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Because the divorce was filed one month after your conditional green card was approved, that's evidence that the marriage may have been fraud. When you apply for U.S. Citizenship they ask you about your marriages and divorces specifically to find out about situations like this. If you filed a regular I-751 and your marriage was falling apart, especially since you said at that time you were living apart, you had a chance to amend the I-751 and make is an I-751 waiver explaining that the marriage was real but just fell apart. This happens and USCIS has a way to process such a case and still give the person a 10 year non-conditional green card. Here is the official link:
If You Are In Divorce Proceedings But Are Not Yet Divorced
If you are still married, but legally separated and/or in pending divorce or annulment proceedings, and:
- You filed a waiver request. We will issue a request for evidence (RFE) specifically asking for a copy of the final divorce decree or annulment (if applicable).
- You filed a Form I-751 petition jointly. We will issue a request for evidence (RFE) specifically asking for a copy of the final divorce decree or annulment and a statement that you would like to have your joint filing petition treated as a waiver.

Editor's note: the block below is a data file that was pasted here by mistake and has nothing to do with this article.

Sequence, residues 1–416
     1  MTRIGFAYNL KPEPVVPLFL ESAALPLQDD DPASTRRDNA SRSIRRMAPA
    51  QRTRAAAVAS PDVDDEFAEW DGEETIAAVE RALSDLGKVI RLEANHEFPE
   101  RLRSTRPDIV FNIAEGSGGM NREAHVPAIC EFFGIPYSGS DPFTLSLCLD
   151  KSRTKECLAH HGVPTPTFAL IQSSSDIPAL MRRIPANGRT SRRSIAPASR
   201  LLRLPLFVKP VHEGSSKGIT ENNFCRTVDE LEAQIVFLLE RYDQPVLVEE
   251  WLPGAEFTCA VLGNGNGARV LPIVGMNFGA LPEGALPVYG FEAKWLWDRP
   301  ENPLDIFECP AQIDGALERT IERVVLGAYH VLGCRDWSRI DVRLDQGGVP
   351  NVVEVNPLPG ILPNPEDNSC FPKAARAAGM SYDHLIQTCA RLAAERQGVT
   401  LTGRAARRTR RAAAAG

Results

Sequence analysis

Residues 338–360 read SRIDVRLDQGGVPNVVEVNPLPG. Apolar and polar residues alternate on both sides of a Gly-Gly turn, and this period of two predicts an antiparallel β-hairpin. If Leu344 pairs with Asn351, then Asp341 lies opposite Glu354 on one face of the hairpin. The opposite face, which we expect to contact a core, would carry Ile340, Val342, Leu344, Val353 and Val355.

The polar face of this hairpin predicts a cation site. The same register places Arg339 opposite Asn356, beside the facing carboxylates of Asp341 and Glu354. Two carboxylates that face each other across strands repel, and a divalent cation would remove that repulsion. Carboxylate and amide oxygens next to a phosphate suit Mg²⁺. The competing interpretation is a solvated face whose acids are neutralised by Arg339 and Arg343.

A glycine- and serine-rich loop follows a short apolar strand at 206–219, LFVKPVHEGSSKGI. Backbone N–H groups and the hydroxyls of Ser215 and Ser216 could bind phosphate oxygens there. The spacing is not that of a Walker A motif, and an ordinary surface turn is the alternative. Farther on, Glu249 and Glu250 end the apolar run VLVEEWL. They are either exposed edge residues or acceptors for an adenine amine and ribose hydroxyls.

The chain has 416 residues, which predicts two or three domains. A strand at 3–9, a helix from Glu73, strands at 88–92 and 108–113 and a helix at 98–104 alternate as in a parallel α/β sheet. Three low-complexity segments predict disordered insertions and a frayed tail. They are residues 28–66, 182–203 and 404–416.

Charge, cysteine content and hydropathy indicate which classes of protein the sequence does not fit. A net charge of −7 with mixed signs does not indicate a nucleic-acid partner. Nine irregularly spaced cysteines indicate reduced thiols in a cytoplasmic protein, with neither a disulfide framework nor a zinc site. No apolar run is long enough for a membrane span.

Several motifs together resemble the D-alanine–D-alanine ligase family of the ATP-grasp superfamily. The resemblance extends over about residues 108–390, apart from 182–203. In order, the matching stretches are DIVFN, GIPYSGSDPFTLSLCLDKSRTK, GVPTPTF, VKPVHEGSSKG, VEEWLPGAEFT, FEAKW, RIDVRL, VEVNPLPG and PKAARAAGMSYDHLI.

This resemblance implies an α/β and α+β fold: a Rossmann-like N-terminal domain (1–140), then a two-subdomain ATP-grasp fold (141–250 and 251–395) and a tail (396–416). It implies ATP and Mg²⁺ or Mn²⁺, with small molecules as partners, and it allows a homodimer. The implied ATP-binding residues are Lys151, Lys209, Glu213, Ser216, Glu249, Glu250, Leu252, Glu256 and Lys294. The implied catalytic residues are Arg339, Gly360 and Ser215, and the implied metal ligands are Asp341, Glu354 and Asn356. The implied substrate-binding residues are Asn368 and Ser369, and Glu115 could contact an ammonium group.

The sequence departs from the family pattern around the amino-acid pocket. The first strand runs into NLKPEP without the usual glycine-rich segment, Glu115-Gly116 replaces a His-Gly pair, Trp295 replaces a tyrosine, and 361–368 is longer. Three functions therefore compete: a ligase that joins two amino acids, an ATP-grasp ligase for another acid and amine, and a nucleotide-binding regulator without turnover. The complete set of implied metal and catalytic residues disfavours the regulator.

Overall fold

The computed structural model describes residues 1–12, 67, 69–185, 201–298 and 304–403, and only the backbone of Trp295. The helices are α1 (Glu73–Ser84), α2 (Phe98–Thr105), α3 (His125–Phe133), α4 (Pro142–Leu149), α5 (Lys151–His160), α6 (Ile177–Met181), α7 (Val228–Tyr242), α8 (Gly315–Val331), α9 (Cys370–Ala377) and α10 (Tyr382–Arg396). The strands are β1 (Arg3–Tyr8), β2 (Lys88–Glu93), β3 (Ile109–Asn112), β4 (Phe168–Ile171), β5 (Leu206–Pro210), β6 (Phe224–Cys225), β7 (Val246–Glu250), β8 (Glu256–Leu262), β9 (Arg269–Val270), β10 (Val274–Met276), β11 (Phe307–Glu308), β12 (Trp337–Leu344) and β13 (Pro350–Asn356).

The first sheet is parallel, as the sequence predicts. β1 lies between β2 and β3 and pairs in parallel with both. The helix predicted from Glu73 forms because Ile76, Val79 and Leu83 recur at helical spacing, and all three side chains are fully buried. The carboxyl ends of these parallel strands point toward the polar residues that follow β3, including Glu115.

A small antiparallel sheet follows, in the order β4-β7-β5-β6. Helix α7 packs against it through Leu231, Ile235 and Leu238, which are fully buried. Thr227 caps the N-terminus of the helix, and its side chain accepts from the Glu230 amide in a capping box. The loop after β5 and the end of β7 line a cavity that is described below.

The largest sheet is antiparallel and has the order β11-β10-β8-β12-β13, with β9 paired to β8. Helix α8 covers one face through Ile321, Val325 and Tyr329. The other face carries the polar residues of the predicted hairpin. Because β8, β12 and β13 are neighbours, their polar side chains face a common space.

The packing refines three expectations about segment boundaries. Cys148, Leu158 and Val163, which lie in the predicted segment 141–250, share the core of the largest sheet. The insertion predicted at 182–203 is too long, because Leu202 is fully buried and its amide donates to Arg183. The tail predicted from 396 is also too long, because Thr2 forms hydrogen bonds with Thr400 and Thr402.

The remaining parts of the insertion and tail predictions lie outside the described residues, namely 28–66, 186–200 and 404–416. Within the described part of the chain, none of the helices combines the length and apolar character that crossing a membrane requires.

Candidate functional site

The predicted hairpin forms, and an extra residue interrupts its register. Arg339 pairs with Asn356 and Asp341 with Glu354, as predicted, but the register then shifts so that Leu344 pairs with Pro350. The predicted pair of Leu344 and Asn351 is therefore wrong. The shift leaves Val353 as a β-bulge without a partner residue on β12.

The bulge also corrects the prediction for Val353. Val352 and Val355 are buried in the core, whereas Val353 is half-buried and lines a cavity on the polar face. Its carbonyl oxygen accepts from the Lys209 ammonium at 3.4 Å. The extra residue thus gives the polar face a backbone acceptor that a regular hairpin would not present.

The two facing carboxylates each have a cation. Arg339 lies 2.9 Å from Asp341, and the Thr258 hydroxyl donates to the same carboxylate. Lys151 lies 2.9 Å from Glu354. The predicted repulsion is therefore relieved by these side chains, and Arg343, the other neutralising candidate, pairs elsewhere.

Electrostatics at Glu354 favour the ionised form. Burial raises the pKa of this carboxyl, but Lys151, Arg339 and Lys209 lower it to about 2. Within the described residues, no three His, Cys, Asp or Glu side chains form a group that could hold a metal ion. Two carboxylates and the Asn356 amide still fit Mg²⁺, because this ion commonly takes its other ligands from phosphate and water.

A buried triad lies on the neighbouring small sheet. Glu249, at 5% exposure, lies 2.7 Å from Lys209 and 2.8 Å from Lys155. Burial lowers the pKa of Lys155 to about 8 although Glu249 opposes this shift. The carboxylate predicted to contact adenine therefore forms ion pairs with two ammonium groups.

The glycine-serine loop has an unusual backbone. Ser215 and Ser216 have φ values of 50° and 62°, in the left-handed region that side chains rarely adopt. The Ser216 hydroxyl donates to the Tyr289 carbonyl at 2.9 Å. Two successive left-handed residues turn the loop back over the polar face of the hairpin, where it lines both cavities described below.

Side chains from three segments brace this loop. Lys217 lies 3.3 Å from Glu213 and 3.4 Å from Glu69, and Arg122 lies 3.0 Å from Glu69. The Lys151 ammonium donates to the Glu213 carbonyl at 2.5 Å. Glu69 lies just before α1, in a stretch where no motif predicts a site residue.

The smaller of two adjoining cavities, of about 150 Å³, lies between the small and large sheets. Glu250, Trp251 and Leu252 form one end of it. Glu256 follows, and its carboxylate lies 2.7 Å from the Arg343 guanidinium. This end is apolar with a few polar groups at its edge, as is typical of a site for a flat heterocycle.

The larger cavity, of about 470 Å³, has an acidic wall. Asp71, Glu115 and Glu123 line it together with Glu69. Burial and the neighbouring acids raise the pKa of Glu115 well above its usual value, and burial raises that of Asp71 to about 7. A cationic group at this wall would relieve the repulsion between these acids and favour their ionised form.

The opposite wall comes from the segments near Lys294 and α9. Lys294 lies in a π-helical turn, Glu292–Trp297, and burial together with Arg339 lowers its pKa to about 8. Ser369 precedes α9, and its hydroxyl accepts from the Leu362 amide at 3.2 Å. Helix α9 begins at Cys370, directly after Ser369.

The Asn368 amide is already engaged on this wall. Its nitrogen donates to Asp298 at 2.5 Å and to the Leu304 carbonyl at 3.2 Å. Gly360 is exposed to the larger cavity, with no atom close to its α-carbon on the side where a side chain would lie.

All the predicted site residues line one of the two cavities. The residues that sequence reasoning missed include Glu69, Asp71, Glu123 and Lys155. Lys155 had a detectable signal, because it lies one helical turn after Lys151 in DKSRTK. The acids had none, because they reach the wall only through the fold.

Upon receipt of the final divorce decree or annulment within the specified time period, we will amend the petition, to indicate that eligibility has been established for a waiver of the joint filing requirement based on the termination of the marriage.
Since you did not do that, they are going to assume that your marriage was fraudulent. So I would either avoid applying for naturalization, or if you really have to have it because you want to petition for relatives or something, then you should use an attorney. You can look for one at www.ailalawyer.com. You are going to have to prove that your marriage was real but just fell apart and that you did not intend to commit fraud by going forward with an I-751 when you should have changed it to an I-751 waiver.
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